Month: May 2018
The Complex Networks Winter Workshop (CNWW) is a week-long international school that offers an extraordinary opportunity for participants to engage in rigorous transdisciplinary complexity science research alongside some of the top researchers in the field of networks. The CNWW is designed for graduate students, postdoctoral fellows, and professionals.
Québec City, Québec, December 15-21, 2018.
Cities around the world are installing digital architectures of sensors, computational cores and telecommunications in the urban fabric, transforming existing infrastructure systems into multi-functional informational and services platforms in the process. The fast pace of digitization is often hard for cities to fathom, many of which are challenged by a silent privatization of the informational value of public spaces and the under-development of the potential of 21st century digital infrastructures due to a mono functional non-inclusive process of design. This is compounded by the power behind large-scale data ecosystems, which when paired with technologies such as machine learning will have profound impact over our future urban services and lifestyles. Cities need to adapt their design mentality and institutional models, but it is through social participation, and open technology standards that true inclusive synthesis of the future digital systems that enable our interactions with cities and allow for the myriad of new services and experiences can be achieved.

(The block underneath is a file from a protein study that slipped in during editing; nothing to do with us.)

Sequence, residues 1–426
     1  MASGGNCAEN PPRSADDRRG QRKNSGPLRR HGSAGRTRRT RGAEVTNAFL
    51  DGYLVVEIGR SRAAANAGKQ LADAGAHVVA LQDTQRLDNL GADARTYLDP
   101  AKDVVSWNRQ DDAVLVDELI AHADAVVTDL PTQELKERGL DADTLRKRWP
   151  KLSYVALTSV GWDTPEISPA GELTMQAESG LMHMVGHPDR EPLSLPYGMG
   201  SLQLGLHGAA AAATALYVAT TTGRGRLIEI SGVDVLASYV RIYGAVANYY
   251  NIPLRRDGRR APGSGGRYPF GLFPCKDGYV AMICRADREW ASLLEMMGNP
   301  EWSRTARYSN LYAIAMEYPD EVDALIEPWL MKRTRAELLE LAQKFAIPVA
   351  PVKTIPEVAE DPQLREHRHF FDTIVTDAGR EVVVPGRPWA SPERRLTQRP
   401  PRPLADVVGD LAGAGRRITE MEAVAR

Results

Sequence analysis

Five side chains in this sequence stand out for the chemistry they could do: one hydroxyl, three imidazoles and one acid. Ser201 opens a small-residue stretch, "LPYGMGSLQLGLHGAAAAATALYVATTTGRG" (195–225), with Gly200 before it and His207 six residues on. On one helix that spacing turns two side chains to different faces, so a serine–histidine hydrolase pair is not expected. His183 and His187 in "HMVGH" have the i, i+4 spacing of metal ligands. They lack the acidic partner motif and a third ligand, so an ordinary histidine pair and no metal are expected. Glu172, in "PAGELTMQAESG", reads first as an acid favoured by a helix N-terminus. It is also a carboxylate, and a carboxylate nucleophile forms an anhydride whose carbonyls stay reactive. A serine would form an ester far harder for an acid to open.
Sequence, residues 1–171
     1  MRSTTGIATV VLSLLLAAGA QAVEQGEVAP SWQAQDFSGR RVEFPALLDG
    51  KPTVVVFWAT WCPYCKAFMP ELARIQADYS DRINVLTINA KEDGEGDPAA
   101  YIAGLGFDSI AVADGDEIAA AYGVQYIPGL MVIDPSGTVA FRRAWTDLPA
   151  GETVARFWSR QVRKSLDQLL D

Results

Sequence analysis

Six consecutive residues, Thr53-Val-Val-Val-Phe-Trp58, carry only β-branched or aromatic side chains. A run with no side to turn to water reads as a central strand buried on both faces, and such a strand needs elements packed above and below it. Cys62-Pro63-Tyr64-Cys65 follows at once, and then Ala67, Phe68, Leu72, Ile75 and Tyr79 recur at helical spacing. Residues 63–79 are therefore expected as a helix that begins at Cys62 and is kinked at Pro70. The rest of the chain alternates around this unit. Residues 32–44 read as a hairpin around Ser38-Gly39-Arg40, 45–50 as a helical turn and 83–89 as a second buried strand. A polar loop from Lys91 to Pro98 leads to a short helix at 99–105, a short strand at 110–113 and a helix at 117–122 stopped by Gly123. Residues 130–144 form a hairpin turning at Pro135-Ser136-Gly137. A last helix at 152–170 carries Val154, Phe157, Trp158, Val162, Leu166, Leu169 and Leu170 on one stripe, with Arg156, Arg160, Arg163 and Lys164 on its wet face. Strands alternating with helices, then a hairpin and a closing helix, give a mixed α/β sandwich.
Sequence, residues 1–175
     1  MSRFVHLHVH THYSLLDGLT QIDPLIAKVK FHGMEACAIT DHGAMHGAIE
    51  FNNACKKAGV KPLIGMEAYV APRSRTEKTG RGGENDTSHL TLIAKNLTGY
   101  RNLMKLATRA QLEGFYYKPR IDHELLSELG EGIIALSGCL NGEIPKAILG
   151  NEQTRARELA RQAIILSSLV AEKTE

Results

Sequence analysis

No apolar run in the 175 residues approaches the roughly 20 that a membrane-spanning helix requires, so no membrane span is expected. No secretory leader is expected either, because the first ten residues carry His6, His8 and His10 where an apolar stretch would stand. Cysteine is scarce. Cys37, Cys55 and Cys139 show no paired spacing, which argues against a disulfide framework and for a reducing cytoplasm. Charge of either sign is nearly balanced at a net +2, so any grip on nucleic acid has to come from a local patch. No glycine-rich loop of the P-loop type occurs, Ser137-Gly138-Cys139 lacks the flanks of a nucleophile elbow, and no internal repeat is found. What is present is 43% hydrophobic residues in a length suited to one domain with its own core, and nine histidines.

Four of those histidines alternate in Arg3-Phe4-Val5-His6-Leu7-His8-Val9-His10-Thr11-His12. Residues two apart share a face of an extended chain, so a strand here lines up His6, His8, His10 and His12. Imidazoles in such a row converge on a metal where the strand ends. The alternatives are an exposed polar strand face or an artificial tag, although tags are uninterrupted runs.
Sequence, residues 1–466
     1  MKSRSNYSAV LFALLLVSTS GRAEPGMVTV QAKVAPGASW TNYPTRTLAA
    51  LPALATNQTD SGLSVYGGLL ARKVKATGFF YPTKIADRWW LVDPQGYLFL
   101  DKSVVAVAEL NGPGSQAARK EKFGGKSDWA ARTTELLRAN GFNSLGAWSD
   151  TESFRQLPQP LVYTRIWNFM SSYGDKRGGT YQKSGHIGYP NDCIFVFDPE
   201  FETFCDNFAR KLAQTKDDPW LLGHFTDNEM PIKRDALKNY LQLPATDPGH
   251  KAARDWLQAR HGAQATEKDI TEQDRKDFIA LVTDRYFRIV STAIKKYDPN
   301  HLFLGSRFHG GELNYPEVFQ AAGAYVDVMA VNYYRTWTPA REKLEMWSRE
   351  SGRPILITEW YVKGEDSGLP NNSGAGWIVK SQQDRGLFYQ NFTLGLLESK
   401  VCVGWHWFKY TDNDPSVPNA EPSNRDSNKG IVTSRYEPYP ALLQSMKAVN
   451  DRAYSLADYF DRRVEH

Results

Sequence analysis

The Relevance of Informational Infrastructures in Future Cities
The Journal of Field Actions
Special Issue 17 | 2017 : Artificial Intelligence and Robotics in the City
Big Mind is notable for a number of reasons. One of them is that we don’t have a lot of guides for managing and optimizing collective intelligence, in contrast to the shelves and shelves of books describing how to optimize the output of individual brains. Another reason is the five fundamental principles that Mulgan offers, in the excerpt below, in a nuanced answer to the question: “What is it, at the micro and macro levels, that allows collective intelligence to flower?”
Featured excerpt from Big Mind: How Collective Intelligence Can Change Our World.
Cells can change their phenotype from epithelial to mesenchymal during development and in cancer progression, where this transition is often associated with metastasis and poor disease prognosis. Here we show this process involves the transit through a multitude of metastable hybrid phenotypes in a way that is similar to the driven dynamics of disordered materials. Our method shows that highly aggressive hybrid epithelial/mesenchymal cell phenotypes are located in metastable regions that can easily switch under external and internal perturbations. We propose a general mapping strategy that can be used for other pathways, providing a useful tool to visualize the ever increasing number of gene expression data obtained from single cells and tissues.